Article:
Samantha, aged 50, was diagnosed with ovarian cancer after pushing for tests from her GP. She shares her story.
I reached out to the GP after having experienced mild symptoms for a good year or two and they ran some tests. They told me to come back in 6 months and see how I was getting on. I just put my symptoms down to the pandemic and having to stay indoors for such a long period of time.
But 6 months went by, and I went back as nothing had changed. They didn’t think I needed further tests or medication, but I knew something wasn’t right. They finally did some blood tests, but nothing came up. It was at this point they agreed that they would put me on Hormone Replacement Therapy (HRT). As soon as I started taking the medication, I had the typical symptoms, headaches included, but I also started experiencing some abdominal pain.
I was getting really bad stomach-ache and thought maybe the medication wasn’t for me, so I rang my doctor, and luckily they said that the side effects didn’t sound right. I was told to come in that day and as soon as she actually put her hands on my stomach she could feel something wasn’t right. I was told to go to A&E straight away.
I was convinced I had thyroids and then they thought it could be a hernia. I felt like I could be wasting everyone’s time. They arranged for a CT scan and the doctor spoke to me shortly after to tell me they found a large cyst on my ovaries and that there was some shadowing mass behind it. I tried to ignore that word ‘shadowing.’ It was too scary. I convinced myself it was cyst on my ovaries, that they would treat it, and everything would be fine. I was trying to make it less scary.
They kept me in overnight and the surgeon came and asked me what I knew. That’s when they confirmed it was a tumour, on both my ovaries. He kept using the word ‘disease’ and I asked if it was cancer. I could see it in his eyes – I cried a lot that night from disbelief and shock. The next day I tried to downplay what was wrong, I didn’t want to admit it to anyone. But when my husband came to visit, and the surgeon came over, the penny started to drop with him.
At this point they told me I would likely need surgery and that the cancer had spread to my abdomen. I was told they would need to take out my whole reproductive system and some of my right colon. I could eventually end up having to have a stoma, but if that was the case, it could be reversable. There was a lot of information to take in.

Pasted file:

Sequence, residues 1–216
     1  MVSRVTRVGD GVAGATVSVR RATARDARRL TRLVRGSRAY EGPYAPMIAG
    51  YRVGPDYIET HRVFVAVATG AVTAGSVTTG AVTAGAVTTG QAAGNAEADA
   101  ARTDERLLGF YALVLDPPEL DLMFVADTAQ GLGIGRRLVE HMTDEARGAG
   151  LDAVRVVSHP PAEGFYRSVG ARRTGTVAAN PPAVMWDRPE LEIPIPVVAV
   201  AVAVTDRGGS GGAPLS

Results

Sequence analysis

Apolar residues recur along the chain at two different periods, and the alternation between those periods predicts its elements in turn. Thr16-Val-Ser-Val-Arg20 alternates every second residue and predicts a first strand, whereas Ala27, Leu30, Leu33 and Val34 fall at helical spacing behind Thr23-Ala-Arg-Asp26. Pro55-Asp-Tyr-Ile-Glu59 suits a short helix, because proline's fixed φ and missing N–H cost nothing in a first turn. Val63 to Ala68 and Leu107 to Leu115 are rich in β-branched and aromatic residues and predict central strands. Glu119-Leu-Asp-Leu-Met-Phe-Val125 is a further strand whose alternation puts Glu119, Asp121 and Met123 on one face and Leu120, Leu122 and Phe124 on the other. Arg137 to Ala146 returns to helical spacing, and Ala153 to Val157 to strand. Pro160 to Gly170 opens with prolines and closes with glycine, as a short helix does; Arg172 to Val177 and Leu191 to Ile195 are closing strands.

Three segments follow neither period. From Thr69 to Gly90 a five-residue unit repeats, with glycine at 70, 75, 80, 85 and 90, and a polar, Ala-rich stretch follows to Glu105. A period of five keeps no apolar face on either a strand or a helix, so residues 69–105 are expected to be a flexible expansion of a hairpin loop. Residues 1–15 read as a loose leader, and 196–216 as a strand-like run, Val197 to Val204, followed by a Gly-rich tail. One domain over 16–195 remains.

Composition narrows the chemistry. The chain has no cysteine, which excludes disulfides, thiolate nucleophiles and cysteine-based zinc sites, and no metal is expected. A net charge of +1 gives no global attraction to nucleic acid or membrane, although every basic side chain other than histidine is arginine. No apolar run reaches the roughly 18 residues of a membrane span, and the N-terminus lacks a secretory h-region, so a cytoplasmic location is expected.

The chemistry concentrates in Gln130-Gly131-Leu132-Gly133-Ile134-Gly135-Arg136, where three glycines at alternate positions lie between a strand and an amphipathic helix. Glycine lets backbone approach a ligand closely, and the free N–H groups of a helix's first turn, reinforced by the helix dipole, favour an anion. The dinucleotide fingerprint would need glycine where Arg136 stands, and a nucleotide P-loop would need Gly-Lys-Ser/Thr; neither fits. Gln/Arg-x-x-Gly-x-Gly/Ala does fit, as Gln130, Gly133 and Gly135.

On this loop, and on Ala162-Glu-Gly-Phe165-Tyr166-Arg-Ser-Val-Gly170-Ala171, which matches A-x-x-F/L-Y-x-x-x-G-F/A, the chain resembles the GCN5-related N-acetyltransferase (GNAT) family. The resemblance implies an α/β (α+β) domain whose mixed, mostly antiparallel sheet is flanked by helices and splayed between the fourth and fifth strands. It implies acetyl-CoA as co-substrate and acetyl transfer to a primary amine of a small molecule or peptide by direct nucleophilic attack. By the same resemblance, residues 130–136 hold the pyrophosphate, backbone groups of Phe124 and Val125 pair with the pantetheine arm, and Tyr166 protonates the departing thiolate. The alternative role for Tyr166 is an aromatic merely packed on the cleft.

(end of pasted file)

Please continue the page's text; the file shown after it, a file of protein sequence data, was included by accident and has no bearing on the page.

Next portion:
A few days went by, and I got my final diagnosis. It was cancer, but low grade and the outcome was positive. At this point I started to relax a little.
A month later, the cancer had spread to my whole colon, and so I had surgery and woke up with a stoma. I immediately started worrying about how it would change my entire life. I don’t think people realise the whole impact cancer has. Not just the physical cancer; but the mental and emotional effects too. Having a stoma is not something you prepare for; it changed my identity. It was as if I was living in a changed body and had to get to know that again.
“I didn’t really have a chance to process what happened until 2 months after. In hindsight, it was like I was hit by a bus and then got up and went to work the next day. It wasn’t until after my treatment when I had some space to mentally process everything that the true impact of what happened hit me.”
After some research, I found Penny Brohn UK through a Facebook group and I signed up to their Treatment Support Programme. My GP said that even just by being in this group, even if we didn’t do anything, we were taking some control just by attending – that was empowering. Something about that shifted my attitude and mindset. I went from feeling like a victim and sad, to feeling that there are things I can do to make myself feel better. Having that realisation that I can do something to help myself has made a huge difference. I have since accessed numerous online sessions, and also received 1:1 nutritional advice.
“It started to feel liberating to talk about ’embarrassing things’; my body confidence, my stoma. Penny Brohn UK made me feel at ease, that I could talk about these things with others who are also having a hard time.”
On of the best tips I got was to name my stoma! I called her Adele, after the BBC Radio 1 host who was also going through a cancer treatment and has a stoma.
My aim in life now is to remain as proactive as possible. I hope to qualify as a psychotherapist in the next 2 years, I want to spend quality time with my husband and be grateful for the life I have. I don’t want to waste time on petty things, I want to focus on what matters. There is always the fear, of it coming back and I don’t think that will ever go away.
It’s tempting when you go through something like this to self-isolate. On the one hand it’s great to have support and having love and attention when you aren’t used to it all at once, but it can also be overwhelming. I’m lucky my husband and I have a great support network around us. Not just for me, but for him as well, as he went through a lot too.
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